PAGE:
Sheep may safely graze and pasture
In a watchful shepherd’s sight.
Those who rule, with wisdom guiding,
Bring to hearts a peace abiding,
Bless a land with joy made bright.
At 1:31 in the above recording, you can hear potential danger lurking nearby, but the attentive shepherd neutralizes the threat, keeping safe his flock.
Bach originally scored this piece for soprano with two recorders and continuo, but it has since been transcribed for orchestra and countless other combinations of instruments and is most popular without words. I enjoy playing Egon Petri’s transcription for solo piano, performed here by Alessio Bax:
Its pastoral mood, befitting Psalm 23, and its celebration of a good shepherd’s care have led it to be applied to the Good Shepherd and performed in church services. I’ve even come across some piano arrangements that interfuse it with “Savior, Like a Shepherd Lead Us” (for an intermediate arrangement of such by Cindy Berry, see Classical Hymns).
ANNOTATED BIBLIOGRAPHY: “Art and theology” books published in 2017: I had fun compiling this book list for ArtWay, which spans the disciplines of art history, theological aesthetics, visual theology, philosophy, museum studies, liturgical studies, and Christian ministry. Let me know if I’m missing any titles. (For books published on art and theology between 2014 and 2016, click here.)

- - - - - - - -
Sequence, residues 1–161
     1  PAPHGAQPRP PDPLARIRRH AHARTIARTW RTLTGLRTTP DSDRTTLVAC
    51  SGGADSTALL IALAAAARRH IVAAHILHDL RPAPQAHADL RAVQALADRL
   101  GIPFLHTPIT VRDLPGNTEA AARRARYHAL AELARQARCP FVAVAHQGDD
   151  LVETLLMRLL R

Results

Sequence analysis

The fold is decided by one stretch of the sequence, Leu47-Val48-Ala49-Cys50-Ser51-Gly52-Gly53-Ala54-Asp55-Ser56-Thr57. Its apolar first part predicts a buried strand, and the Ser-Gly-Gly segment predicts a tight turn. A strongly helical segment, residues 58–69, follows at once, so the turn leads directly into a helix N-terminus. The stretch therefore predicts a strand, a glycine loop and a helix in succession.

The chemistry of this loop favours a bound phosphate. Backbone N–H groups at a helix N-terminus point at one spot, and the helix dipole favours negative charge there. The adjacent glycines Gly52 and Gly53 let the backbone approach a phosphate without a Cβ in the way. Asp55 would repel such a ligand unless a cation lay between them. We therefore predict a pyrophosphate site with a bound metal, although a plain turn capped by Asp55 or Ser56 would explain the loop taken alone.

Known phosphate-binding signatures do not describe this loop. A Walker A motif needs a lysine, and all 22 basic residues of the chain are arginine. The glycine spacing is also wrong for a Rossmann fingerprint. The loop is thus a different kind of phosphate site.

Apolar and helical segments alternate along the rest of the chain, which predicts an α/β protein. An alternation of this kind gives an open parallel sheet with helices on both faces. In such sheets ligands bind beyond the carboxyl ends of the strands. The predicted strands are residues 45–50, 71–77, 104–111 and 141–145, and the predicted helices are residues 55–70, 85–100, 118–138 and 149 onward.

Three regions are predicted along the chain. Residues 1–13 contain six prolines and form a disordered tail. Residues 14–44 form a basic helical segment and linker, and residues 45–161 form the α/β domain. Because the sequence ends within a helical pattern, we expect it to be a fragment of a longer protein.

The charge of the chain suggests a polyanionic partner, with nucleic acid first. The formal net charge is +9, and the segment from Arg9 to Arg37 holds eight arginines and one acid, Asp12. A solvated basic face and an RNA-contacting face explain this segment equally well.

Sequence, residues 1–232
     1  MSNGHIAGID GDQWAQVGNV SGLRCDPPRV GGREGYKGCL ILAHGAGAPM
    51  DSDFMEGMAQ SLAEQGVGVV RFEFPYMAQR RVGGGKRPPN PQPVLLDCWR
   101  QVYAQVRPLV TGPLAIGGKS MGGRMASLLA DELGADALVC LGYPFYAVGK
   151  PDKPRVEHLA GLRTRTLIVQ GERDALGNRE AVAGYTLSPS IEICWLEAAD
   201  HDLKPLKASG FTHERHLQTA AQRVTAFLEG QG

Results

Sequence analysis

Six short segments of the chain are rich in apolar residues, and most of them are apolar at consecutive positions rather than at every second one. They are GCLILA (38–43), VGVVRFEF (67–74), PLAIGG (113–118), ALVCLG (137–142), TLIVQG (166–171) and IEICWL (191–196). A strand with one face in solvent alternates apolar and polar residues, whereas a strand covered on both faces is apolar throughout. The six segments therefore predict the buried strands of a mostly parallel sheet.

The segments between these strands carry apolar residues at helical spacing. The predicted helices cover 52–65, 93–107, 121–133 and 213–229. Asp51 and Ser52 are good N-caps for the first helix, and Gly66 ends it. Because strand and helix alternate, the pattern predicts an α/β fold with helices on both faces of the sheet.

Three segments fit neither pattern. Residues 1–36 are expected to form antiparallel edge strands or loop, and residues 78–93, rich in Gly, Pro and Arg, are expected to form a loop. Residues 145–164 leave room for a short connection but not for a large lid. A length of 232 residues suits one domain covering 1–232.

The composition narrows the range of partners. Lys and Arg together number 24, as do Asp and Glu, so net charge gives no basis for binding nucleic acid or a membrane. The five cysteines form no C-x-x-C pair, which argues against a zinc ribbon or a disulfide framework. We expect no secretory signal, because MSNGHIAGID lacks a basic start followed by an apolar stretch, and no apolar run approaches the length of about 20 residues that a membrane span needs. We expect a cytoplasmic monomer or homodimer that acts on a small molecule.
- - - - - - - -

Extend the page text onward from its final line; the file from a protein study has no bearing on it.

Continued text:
But there are also books that focus on the contemporary art world, encouraging Christians to engage works beyond just those with explicitly Christian content or just those made by Christians.
Several books published this year engage with the ideas of leading early Protestant theologians, like Luther, Calvin, and (later) Kuyper, as they relate to visual art, and one even examines Reformational influences on Michelangelo’s late work. A smorgasbord indeed!
Today is the seventh day of Christmas—the celebration continues! Here are two fun songs for your listening pleasure.
^^ “Angels We Have Heard on High,” arranged and performed by the Piano Guys: In this unique piano arrangement for eight hands, Jon Schmidt, Al van der Beek, Steven Sharp Nelson, and Paul Anderson strike, pluck, bow, and percuss the instrument, creating a more complex texture than you would expect. All the sounds you hear (except for the voices) are produced by the piano.
CALL FOR PAPERS: “Art as a Voice for the Church,”Princeton Theological Review: I regret not finding out about this opportunity earlier, as the due date is just a week away, but I’m posting it so that you can be sure to look out for this art and theology–themed issue in the spring!
Graduate students and early-career scholars are invited to submit papers to the spring 2018 edition of the Princeton Theological Review. We welcome papers from various disciplinary perspectives (theology, philosophy, church history, biblical studies, social sciences, etc.) as they relate to the theme of art and the church. How does theology manifest in all different forms of art (painting, poetry, photography, sculpture, music, theater, film, literature, dance, or any other creative endeavors)? How does artistic expression give voice to piety, critique, worship, or spiritual struggle? How has art influenced and been influenced by biblical interpretations, theological movements, historical context, or cultural conditions? Why is art such a powerful medium for Christian expression? All submissions are due January 8, 2018.